Poke a drainage hole in the middle of the bottom of ice-cream containers. Fill with potting soil. Decorate the lids with pictures of herbs cut from last year’s seed catalogs or use the inside of a cereal box and write your own label. I used a circle cutter (found at craft stores) but you could cut the rim off an extra cover for a stencil that you can then trace. Line the Clementine box with plastic or reuse plastic cups from your recycle bin. Often times companies offer mixed seed packets but if making several herb gardens, you could repackage seeds: giving each kit a few of each kind of seed. A pretty ribbon adds to the presentation.

Note: You will need to put a spacer in the bottom of your Clementine box. Use whatever you can find to raise up the bottom of the box about an inch. Salvaged peanuts and a piece of scrap cardboard will do the trick. The spacer is needed to lift the containers because the covers are on. Once the lids are removed, the spacer can also be removed; the containers will now fit.

A Gift Tray of Seedlings

How to:
Alternatively you can pot some small herbs either store bought or share from your garden; just skip the lids.

Clementine Box Re-used To Grow Lush Green Grass Or Wheat-grass

grassnclemboxo.jpg
Wheat-grass growing in Clementine box.

This re-purposed Clementine box doubles as an attractive green focal point. It looks great around the house: kitchen, dinning room, office – anywhere you want to be reminded of spring. I love it! I like to jump-start spring by growing grass or wheat grass indoors before the grass outside greens up. It is a super easy centerpiece for a spring or summer party; it looks amazing and is so inexpensive. Use as part of an economical eco-friendly garden wedding. You may also want to try growing a living Easter basket.

How-2: Early in the year, ask all your friends to save their Clementine boxes for you. These boxes have quite a few uses so don’t throw them away after you are done growing grass! Preparing the box consists of lining it with a piece of plastic. Any kind you have handy (a scrap of construction waste, the plastic bag that your bag of dirt came in, whatever). Wait until after you put in your growing medium before trimming off the extra plastic. Next if you are using soil, add a half inch more or less of pea gravel or other small stones for drainage. If using Vermiculite, it is not necessary to add rocks for drainage. Just remember not to flood your container. If you add too much, try pouring off excess water.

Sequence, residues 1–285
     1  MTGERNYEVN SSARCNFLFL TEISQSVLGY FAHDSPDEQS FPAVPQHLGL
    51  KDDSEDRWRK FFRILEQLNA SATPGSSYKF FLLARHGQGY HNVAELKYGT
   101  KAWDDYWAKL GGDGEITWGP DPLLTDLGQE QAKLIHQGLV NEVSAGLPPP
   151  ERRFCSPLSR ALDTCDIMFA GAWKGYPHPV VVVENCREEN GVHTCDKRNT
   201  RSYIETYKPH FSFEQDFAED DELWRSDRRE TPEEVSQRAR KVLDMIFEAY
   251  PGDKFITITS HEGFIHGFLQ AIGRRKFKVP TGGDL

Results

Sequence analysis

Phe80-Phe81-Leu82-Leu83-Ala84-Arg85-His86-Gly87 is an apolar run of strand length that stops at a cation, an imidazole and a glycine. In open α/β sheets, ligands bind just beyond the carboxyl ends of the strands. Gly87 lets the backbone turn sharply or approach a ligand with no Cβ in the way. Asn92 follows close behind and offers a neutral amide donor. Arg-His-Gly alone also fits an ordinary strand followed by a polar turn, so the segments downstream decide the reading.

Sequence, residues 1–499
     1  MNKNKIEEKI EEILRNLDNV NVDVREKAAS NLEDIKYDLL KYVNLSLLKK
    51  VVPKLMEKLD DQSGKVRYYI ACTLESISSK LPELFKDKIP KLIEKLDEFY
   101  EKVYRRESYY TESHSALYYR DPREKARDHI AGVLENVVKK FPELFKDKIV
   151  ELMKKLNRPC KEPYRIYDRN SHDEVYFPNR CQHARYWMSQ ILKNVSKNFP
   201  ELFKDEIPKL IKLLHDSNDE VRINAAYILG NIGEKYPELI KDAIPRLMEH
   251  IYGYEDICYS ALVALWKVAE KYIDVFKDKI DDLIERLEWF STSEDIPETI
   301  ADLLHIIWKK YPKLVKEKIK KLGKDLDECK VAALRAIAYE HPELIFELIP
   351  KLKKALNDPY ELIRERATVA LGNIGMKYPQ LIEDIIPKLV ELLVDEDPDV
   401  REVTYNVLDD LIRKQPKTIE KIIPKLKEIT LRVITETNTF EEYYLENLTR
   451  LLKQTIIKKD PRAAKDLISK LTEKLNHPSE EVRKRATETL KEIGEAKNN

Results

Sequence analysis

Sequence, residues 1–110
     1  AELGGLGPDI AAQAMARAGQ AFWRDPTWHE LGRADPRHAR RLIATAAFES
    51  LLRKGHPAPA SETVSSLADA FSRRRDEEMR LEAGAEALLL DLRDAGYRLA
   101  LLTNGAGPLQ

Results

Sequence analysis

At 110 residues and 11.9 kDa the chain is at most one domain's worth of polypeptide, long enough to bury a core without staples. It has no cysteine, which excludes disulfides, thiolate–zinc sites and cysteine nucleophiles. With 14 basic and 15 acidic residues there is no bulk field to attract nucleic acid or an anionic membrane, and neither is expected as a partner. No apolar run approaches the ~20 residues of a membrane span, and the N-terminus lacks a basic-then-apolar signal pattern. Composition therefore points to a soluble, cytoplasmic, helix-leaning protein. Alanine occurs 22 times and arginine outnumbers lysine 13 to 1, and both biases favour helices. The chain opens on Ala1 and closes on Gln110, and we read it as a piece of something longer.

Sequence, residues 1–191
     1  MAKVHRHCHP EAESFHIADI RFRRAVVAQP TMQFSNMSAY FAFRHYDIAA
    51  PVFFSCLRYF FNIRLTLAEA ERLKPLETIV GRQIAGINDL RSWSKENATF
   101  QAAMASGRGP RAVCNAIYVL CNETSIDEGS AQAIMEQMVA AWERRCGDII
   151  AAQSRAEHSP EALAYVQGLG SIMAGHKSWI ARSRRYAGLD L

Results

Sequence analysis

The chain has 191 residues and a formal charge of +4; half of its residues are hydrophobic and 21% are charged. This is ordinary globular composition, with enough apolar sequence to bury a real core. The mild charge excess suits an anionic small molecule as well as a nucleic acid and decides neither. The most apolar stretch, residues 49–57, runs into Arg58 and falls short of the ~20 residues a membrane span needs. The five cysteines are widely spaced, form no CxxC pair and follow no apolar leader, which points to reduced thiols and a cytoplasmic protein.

growing wheat grass

Wheat berries (also called wheat grass) can be found at your local health food store. This is the stuff that some people juice (with a special juicer) and drink for its health properties. Unlike growing rye grass, you must first soak and sprout your wheat berries before planting. To do this, place your wheat berries (less than a cup for each Clementine box) in a clean jar or bowl and cover with plenty of cool water and let sit overnight. You do not need the lid on at this point. Keep your jar out of direct sunlight and at room temperature during the sprouting process. In the morning rinse with cool water, drain off the extra water and put the cover on your mason jar. You should rinse one or two times that day and the next day. The idea is to have the wheat berries sprout a little root while avoiding mold or slime to form on the seeds. I didn’t have any problems with that. You should see roots forming within two days (more or less). Distribute the sprouted wheat berries across the top of the soil or Vermiculite. They should be sitting right on top of your growing medium. Use enough to cover the surface with some overlapping. Wet the soil/ Vermiculite in the box but don’t drown it. To keep my new “seedlings” happy, I put a clear plastic bag over the top to keep the humidity high. After about two days when the wheat grass starts to grow and the roots have gone into the soil/ vermiculite, you should take off the plastic. Place in front of a sunny window. You will need to check on it and mist as needed.

growing rye grass
Growing rye grass is even easier than growing wheat grass because you don’t need to pre-soak the seeds. Just distribute a layer of seeds across the top of the soil. (I use soil not vermiculite when growing rye grass.) The more seeds you use the thicker your “lawn” but don’t go overboard. Next, I sprinkle just a bit of soil on top. Water, cover with plastic, and mist when needed. Take off plastic when the grass starts to grow. Place in a in front of a sunny window and water when needed. So easy the kids can do it.